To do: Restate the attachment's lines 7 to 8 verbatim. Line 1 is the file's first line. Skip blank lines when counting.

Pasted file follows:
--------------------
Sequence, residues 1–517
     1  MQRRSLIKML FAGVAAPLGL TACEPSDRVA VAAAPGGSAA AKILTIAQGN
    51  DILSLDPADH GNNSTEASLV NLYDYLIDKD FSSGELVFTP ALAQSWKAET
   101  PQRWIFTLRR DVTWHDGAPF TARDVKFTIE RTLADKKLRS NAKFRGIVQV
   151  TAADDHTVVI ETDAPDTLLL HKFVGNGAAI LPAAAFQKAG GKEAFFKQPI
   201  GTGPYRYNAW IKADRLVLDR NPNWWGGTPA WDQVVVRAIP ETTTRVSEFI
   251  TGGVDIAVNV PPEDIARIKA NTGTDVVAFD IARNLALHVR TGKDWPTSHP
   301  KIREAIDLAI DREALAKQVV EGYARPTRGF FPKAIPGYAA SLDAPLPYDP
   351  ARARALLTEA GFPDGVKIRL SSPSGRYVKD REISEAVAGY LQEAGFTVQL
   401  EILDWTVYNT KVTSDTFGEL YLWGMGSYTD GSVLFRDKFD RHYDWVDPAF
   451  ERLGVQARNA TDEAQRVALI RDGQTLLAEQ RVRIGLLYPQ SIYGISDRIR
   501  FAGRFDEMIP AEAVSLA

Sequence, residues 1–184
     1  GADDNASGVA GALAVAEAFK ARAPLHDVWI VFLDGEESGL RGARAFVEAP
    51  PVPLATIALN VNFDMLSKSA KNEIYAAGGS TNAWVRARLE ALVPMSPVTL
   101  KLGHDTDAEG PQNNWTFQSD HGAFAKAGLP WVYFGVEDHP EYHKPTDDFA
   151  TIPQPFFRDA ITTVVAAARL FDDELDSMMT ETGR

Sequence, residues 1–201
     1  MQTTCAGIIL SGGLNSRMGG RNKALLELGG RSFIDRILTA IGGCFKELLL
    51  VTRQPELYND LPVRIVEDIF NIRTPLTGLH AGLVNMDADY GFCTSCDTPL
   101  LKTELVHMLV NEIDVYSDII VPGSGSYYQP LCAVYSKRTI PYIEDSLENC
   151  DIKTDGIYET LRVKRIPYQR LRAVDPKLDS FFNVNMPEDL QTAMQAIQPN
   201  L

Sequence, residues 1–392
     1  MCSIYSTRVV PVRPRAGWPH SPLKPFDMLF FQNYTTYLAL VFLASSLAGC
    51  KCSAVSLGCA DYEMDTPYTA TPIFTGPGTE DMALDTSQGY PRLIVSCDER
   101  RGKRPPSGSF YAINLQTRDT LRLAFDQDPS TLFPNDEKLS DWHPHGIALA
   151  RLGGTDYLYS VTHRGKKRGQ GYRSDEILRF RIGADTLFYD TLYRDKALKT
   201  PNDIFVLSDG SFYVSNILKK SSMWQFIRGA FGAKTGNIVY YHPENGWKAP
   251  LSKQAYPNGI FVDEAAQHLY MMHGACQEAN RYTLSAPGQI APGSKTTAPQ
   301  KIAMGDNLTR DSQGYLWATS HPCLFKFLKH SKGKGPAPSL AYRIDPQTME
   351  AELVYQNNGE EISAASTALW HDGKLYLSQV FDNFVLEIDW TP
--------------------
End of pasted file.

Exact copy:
   251  TGGVDIAVNV PPEDIARIKA NTGTDVVAFD IARNLALHVR TGKDWPTSHP
   301  KIREAIDLAI DREALAKQVV EGYARPTRGF FPKAIPGYAA SLDAPLPYDP